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The Rising Cost of EpiPens and Disparities in Life-Saving Medicine

Laura Weber Davis/WDET

Dr. Abdul El-Sayed

EpiPen is like Kleenex in the allergy medicine world, a brand name so widely used it’s synonymous with the product itself. There are no big generic alternatives to EpiPen, leaving room for drug-maker Mylan to jack up the price of EpiPen by 500 percent over a seven-year period.

The lifesaving epinephrine shot now costs hundreds of dollars for a single use. And this is the second time we’ve heard of this type of price-gouging for lifesaving drugs in recent months. Investor Martin Shkreli became infamous for doing the same thing with another drug. Now drug manufacturer Mylan is receiving some heat as well for its pricing strategy.

[Mylan] really went on a big marketing campaign… and started jacking up the price, little by little,” says Alison Kodjak, the health policy correspondent for NPR.

After strong criticism over the pricing, Mylan announced plans to produce a generic form of the EpiPen at a lower cost.

In a recent NPR report Kodjak explained:

The company says the generic will hit the market in a few weeks and cost $300 for a two-pack. That’s less than half the price of a two-pack of brand-name EpiPens, which are available at pharmacies operated by CVS inside Target stores for about $630, according to GoodRX….

Mylan’s latest move is meant to calm the anger of consumers and lawmakers, but it may also be a shrewd business decision.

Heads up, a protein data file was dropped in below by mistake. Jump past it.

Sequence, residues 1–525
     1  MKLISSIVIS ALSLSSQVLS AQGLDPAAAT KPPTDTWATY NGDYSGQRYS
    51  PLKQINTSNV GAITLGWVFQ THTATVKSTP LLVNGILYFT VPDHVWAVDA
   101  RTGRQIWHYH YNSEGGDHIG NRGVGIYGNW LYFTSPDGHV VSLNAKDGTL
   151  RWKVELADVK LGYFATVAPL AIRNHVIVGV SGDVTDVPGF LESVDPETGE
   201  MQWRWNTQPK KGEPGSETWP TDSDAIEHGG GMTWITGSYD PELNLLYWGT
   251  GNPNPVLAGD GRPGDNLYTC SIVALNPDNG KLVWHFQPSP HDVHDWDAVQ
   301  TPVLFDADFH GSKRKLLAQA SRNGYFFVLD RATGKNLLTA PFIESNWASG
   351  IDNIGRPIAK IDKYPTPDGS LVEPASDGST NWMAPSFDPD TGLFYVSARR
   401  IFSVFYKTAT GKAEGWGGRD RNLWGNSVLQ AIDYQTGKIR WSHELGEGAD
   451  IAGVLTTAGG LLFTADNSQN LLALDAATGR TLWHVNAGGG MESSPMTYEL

By bringing a generic to the market now, it could preemptively steal some market share away from Teva Pharmaceuticals, which is developing its own generic EpiPen. That device is expected to be approved in 2017.

Markets work for a lot of really great things,” like sneakers and other everyday products, says Dr. Abdul El-Sayed, executive director of the Detroit Health Department. ”[But] at some point we need to be honest about the fact that medications and healthcare don’t fit market systems very well.”

El-Sayed says the people who are most affected by costly medications are those who can’t afford the price hike out of pocket.

If you have inequalities in society, those inequalities are going to fundamentally manifest in health.” 

An African American man in the city of Detroit can expect to live 12 years shorter than a white man in the suburbs, says El-Sayed. And he says that has to do with the causes of health problems, including racism and stress. He says it’s a vicious cycle.

Poor health also drives poverty,” he says. “Healthcare is an important aspect of that… [and providers must ask] how can we interrupt inter-generational poverty?”

To hear more of the conversation on Detroit Today, click on the audio player above.

Image credit: Flickr Creative Commons

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Detroit Today

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